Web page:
Deadly Sin #5: Excluding Families with Children. Under the FHA, it’s unlawful to discriminate based on familial status, unless the community qualifies as senior housing. Be sure you know the rules—you can’t deny housing to families with children under 18 without complying with strict technical requirements to qualify as housing for older persons.

Deadly Sin #6: Imposing Overly Restrictive Rules on Families with Children. Another deadly fair housing sin involving familial status occurs when communities enforce unduly restrictive occupancy policies and other rules that effectively exclude or discriminate against families with children. Don’t steer families with children under 18 away from upper floors or water features because of safety or liability concerns. And don’t apply different terms or conditions by charging higher rent or enforcing rules that unreasonably restrict children’s outside activities.

Deadly Sin #7: Failing to Prevent Sexual Harassment. Sexual harassment is a form of sex discrimination banned under the federal fair housing law, so it’s important to address any complaints quickly and effectively. Once aware of a problem, an owner is more likely to incur liability for sexual harassment by subordinates, outside contractors, or even other residents, if the owner knew or should have known about it and did nothing to stop it.

> Read the full lesson here.



Emerging Trouble Spots under Fair Housing Law

February’s lesson covered the new deadly fair housing sins—that is, emerging issues and trends that could lead to fair housing trouble.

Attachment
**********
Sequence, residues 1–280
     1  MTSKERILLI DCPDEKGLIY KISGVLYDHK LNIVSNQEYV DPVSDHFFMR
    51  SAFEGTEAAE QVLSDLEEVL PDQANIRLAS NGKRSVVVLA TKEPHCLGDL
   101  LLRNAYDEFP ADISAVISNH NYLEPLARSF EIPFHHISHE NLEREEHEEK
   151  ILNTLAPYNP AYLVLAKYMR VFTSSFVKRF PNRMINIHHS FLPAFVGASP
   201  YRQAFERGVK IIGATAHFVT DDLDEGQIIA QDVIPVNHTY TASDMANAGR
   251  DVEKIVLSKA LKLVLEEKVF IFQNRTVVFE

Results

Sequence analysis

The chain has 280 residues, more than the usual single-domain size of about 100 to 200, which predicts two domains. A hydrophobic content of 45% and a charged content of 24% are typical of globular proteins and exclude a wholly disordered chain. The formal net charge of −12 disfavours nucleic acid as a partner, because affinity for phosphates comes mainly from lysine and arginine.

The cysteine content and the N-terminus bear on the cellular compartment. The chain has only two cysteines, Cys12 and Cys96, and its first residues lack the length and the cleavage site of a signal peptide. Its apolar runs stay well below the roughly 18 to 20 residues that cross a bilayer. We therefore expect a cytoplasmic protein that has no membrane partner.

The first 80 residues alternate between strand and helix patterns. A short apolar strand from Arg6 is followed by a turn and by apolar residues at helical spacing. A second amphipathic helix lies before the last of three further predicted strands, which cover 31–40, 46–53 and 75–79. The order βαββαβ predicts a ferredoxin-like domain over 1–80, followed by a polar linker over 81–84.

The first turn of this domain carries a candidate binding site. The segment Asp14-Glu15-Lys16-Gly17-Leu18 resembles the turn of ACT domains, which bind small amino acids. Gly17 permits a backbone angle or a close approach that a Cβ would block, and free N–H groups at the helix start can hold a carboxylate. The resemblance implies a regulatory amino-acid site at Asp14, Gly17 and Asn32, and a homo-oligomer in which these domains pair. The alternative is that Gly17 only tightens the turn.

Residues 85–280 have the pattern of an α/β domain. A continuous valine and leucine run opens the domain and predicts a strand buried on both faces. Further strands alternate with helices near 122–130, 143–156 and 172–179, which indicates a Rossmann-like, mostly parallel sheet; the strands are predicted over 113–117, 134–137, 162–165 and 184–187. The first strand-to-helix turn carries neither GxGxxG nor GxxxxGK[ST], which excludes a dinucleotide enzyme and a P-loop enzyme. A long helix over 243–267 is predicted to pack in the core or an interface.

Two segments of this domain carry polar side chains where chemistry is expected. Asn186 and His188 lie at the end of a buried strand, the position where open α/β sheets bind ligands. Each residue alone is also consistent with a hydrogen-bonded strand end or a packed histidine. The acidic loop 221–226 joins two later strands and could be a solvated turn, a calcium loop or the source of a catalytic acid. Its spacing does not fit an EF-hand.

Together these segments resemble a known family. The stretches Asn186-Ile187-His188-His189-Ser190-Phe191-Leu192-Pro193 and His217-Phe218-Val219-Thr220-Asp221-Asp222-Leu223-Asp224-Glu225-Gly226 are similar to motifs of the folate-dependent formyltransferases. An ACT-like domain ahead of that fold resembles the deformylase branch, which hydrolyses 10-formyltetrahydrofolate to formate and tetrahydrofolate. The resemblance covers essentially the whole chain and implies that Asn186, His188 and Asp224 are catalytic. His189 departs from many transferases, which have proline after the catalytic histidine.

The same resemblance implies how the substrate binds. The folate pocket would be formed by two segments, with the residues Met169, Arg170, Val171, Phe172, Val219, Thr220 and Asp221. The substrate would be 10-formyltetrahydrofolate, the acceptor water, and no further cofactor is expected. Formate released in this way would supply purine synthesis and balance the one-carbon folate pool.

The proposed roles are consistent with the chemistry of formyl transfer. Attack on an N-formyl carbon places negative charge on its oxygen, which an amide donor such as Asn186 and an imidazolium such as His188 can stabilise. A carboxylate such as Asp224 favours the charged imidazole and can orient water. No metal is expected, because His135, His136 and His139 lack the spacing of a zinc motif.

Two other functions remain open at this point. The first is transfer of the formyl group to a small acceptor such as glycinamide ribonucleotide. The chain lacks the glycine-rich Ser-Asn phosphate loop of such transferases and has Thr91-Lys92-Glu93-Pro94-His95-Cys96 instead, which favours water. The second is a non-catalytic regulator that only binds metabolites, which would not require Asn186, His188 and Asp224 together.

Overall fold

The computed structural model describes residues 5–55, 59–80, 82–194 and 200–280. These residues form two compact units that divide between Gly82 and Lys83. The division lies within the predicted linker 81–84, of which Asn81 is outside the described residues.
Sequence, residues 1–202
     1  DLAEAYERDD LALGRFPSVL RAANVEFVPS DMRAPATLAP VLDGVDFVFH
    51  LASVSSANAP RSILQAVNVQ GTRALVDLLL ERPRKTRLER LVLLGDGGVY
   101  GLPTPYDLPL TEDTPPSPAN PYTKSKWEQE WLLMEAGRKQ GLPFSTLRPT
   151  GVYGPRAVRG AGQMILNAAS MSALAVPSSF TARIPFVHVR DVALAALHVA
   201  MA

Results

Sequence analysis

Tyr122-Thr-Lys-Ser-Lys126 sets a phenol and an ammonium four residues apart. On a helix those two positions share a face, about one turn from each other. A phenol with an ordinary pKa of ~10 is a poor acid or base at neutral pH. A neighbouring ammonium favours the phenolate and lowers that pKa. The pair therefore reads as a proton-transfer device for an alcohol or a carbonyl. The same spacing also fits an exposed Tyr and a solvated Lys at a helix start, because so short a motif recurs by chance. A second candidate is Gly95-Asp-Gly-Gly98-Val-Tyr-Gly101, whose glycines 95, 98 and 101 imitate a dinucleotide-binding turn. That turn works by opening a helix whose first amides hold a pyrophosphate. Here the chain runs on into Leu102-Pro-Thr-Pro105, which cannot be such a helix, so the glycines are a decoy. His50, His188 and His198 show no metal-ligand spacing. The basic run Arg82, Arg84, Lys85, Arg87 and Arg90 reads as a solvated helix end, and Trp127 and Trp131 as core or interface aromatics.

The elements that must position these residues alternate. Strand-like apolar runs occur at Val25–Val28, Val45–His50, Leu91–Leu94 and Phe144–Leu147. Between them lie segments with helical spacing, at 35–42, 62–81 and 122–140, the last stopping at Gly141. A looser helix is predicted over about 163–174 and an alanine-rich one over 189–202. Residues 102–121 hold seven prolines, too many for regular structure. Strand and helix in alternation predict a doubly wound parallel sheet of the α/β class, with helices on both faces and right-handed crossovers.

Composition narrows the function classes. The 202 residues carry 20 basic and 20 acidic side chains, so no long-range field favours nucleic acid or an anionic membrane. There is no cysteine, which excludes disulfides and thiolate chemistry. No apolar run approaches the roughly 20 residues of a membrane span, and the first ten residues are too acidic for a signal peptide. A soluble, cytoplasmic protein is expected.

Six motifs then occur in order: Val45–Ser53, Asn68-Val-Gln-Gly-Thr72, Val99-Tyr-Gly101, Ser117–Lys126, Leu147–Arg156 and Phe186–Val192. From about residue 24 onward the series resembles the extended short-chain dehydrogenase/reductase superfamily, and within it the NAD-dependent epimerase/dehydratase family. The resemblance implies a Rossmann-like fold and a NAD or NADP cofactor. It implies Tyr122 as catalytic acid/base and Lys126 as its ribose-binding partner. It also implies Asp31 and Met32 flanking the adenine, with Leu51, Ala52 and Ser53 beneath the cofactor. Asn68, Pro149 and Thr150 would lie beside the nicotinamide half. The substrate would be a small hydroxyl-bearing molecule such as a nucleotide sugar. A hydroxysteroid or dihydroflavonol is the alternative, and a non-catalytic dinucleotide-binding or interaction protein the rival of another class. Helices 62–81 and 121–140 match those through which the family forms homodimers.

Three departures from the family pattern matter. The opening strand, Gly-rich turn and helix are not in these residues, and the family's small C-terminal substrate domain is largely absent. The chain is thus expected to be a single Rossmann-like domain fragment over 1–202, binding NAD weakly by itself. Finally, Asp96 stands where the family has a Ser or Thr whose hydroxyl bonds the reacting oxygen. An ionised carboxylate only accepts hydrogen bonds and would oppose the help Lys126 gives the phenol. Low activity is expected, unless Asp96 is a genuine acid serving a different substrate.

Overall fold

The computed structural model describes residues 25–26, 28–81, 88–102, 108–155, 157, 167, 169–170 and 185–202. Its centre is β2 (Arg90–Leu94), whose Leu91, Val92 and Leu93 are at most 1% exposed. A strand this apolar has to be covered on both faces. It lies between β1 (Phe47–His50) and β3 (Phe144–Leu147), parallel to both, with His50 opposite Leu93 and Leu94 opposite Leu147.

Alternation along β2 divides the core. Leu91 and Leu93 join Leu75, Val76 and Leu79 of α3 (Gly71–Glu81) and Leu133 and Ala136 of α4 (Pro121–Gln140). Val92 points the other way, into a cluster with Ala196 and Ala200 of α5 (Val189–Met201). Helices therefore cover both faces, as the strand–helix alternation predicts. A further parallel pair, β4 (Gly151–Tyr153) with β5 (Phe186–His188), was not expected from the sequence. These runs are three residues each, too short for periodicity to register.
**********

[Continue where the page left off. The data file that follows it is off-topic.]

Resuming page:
Deadly Sin #1: Forgetting that Advertising Rules Apply to New Media. When marketing your community—whether in print or online—it’s important to apply basic fair housing rules banning discriminatory statements. The rules were developed long before the Internet became part of daily life, but HUD has stated that the FHA’s ban on discriminatory advertising applies equally to traditional and online media outlets.

Deadly Sin #2: Linguistic and Email Profiling. Fair housing testers are increasingly on the lookout for unlawful profiling—differences in the way that prospects are treated because of clues about their race, ethnicity, and other characteristics from the way they sound on the phone or the names or email addresses in online communications. Thoroughly train your staff to follow up promptly with anyone who expresses an interest in living at your community, whether by phone, email, or through your Web site.

Deadly Sin #3: Discriminating Based on National Origin. National origin discrimination means treating people differently because of their ancestry, ethnicity, birthplace, culture, or language, according to HUD. And it’s important to remember that immigration status does not affect whether a person is covered under the FHA. For example, HUD says that charging a different price or asking for additional identification documents because of a person’s national origin is illegal, regardless of immigration status.